A hugely popular mobile app has denied a media report that alleges a Chinese team planned to track the locations of US citizens.

Forbes last Thursday, citing materials it had viewed, reported last Thursday that a China-based team at TikTok’s parent organisation ByteDance, had planned to use the app to monitor the personal location of some specific American citizens.

But ByteDance has dismissed the allegations and said the the firm does not collect precise GPS location data.

Facebook Reels

Location tracking?

Forbes in its report alleged that the Chinese team at ByteDance, called the Internal Audit and Risk Control department, is lead by Beijing-based executive Song Ye, who reports to ByteDance cofounder and CEO Rubo Liang.

CEO Rubo Liang on the right

It seems this team primarily conducts investigations into potential misconduct by current and former ByteDance employees.

But Forbes citing materials it had seen, reported that in at least two cases, the Internal Audit team also planned to collect TikTok data about the location of a US citizen who had never had an employment relationship with the company.

According to Forbes it is unclear from the materials whether data about these Americans was actually collected; however, the plan was for a Beijing-based ByteDance team to obtain location data from US users’ devices.

TikTok spokesperson Maureen Shanahan told Forbes that TikTok collects approximate location information based on users’ IP addresses to “among other things, help show relevant content and ads to users, comply with applicable laws, and detect and prevent fraud and inauthentic behaviour.”

But the material reviewed by Forbes indicates that ByteDance’s Internal Audit team was planning to use this location information to surveil individual American citizens, not to target ads or any of these other purposes.

Forbes said it was not disclosing the nature and purpose of the planned surveillance referenced in the materials in order to protect sources.

TikTok response

ByteDance issued a fulsome rebutal to the Forbes article on Twitter, and said the reporting lacked “both rigor and journalistic integrity.”

It said that Forbes omitted part of its statement that disproved the report, and it insisted that it does not collect precise GPS location information from US users.

It said that its Internal Audit Team follows set policies to investigate company code of conduct violations, and improper use would be grounds for immediate dismissal of staff.

National security

The report does leave some unanswered questions however.

When TikTok said it does not track precise location data, how precise is it talking about?

Can it for example identify the town, village or city of the user?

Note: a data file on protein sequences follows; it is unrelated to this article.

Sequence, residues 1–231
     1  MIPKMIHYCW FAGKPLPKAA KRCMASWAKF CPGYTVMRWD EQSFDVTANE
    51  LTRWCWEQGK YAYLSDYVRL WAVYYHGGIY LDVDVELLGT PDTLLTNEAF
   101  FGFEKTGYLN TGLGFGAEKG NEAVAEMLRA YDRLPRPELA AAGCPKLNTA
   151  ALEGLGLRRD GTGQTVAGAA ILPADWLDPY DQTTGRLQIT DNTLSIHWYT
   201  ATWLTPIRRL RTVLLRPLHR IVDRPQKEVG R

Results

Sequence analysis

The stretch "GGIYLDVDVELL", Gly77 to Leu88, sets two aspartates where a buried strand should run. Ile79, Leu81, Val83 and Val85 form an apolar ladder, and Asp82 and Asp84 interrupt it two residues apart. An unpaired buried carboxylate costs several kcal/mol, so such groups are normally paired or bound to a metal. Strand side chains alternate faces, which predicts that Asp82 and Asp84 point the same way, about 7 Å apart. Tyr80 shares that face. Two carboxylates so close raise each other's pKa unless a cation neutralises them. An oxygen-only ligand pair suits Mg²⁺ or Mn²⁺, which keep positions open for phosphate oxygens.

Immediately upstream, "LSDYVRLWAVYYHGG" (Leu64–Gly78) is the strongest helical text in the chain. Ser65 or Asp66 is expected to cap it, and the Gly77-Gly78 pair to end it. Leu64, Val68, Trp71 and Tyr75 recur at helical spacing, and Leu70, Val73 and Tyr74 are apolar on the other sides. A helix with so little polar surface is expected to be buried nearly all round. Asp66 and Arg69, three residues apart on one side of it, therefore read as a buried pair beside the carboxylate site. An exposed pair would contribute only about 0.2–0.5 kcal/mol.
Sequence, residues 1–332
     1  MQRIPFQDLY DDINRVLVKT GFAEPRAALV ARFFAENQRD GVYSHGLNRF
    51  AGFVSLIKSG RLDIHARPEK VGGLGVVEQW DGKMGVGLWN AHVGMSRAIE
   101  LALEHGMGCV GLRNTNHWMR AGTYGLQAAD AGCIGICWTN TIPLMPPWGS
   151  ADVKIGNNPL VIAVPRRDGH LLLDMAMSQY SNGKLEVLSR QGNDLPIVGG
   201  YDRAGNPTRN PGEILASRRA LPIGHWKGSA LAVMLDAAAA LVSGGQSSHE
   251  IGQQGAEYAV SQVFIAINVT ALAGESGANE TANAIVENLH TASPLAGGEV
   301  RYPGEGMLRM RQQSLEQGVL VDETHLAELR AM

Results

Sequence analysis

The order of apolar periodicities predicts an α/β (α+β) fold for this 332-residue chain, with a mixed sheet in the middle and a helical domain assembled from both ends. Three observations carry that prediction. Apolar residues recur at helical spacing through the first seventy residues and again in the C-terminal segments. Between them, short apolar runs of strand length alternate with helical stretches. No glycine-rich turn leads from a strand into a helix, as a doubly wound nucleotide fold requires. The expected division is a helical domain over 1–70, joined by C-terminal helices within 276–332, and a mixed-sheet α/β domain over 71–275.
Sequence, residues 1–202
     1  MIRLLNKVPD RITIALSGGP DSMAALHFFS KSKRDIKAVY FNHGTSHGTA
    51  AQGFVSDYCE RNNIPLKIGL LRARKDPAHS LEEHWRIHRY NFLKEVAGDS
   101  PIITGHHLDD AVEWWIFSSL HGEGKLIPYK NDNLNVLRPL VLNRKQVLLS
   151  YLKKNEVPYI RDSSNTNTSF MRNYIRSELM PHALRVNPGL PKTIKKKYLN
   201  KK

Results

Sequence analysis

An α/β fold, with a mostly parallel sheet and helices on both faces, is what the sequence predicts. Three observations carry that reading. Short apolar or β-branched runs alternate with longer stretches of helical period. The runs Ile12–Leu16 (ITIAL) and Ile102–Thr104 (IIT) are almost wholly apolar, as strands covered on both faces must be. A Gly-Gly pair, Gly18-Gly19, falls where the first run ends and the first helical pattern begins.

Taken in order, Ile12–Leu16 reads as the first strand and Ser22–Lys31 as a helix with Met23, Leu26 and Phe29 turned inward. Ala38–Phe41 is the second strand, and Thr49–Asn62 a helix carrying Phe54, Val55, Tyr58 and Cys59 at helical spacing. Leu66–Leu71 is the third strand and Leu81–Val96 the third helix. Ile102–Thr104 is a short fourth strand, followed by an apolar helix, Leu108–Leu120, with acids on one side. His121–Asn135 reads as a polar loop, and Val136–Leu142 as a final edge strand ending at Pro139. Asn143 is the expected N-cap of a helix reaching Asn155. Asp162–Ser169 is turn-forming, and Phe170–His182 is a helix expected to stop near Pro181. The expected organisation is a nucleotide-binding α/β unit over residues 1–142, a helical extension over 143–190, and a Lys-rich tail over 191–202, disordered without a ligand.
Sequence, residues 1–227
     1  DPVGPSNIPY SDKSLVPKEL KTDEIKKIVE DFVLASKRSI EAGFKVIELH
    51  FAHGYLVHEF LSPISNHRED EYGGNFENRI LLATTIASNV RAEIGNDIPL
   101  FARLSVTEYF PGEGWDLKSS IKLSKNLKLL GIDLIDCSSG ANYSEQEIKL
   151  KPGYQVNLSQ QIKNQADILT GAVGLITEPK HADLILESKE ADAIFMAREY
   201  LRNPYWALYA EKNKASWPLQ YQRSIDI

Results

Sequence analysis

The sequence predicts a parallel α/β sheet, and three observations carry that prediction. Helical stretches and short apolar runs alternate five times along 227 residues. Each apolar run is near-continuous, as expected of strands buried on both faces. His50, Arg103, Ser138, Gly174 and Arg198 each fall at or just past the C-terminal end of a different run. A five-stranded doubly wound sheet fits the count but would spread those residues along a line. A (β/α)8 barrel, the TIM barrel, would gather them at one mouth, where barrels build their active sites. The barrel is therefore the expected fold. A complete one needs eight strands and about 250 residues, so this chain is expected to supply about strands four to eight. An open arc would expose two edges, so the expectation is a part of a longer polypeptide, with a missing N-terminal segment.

Last month the UK’ data protection watchdog announced that TikTok could face a £27 million fine after an investigation found ByteDance may have breached UK data protection law, for failing to protect children’s privacy when using the TikTok platform.

TikTok is of course hugely popular among the young, but security worries have surrounded the platform for a while now.

In August a number of MPs warned that TikTok data “is routinely transferred to China.

China-based firms are legally obliged under the Chinese ‘2017 Intelligence Security law’ to hand over data to Beijing if requested.

TikTok has previously insisted it has never provided user data to the Chinese government, and its user data is stored in the US and Singapore – moving to Ireland in 2023 when its new data centre opens.

Tracking rows

It should be remembered that Google landed itself in a great deal of hot water and legal actions, over alleged ‘deceptive’ location tracking practices.

In January this year Google was sued by a group of attorneys general (AG) in the US over the matter, despite location tracking already being a known issue.

Indeed Google was already facing a lawsuit in the United States for allegedly tracking phone users – regardless of privacy settings.

That 2018 lawsuit was filed after an investigation by the Associated Press found that a number of Google services running on Android and Apple devices determine the user’s location and store it, even when Google’s “Location History” setting was switched off.

Arizona’s attorney general also filed a similar lawsuit in 2020 over the matter.

And the tracking issue was noticed on this side on the pond.

In November 2018 Google was accused of being misleading about location tracking, after consumer groups from seven European nations asked their privacy regulators to take action against the search engine giant.

Consumer groups from the Netherlands, Poland, Czech Republic, Greece, Norway, Slovenia and Sweden, all filed GDPR complaints against Google’s location tracking.

They alleged that Google was tracking the movements of millions of users in breach of the European Union’s privacy laws.

Google has made some changes however.

In June 2020 Google said it would automatically delete user’s website searches and visits, as well as some location data, after 18 months.

But the changes will only apply to new accounts. Existing users will have to adjust their settings when they are shown prompts.

Tom Jowitt

Tom Jowitt is a leading British tech freelancer and long standing contributor to Silicon UK. He is also a bit of a Lord of the Rings nut...

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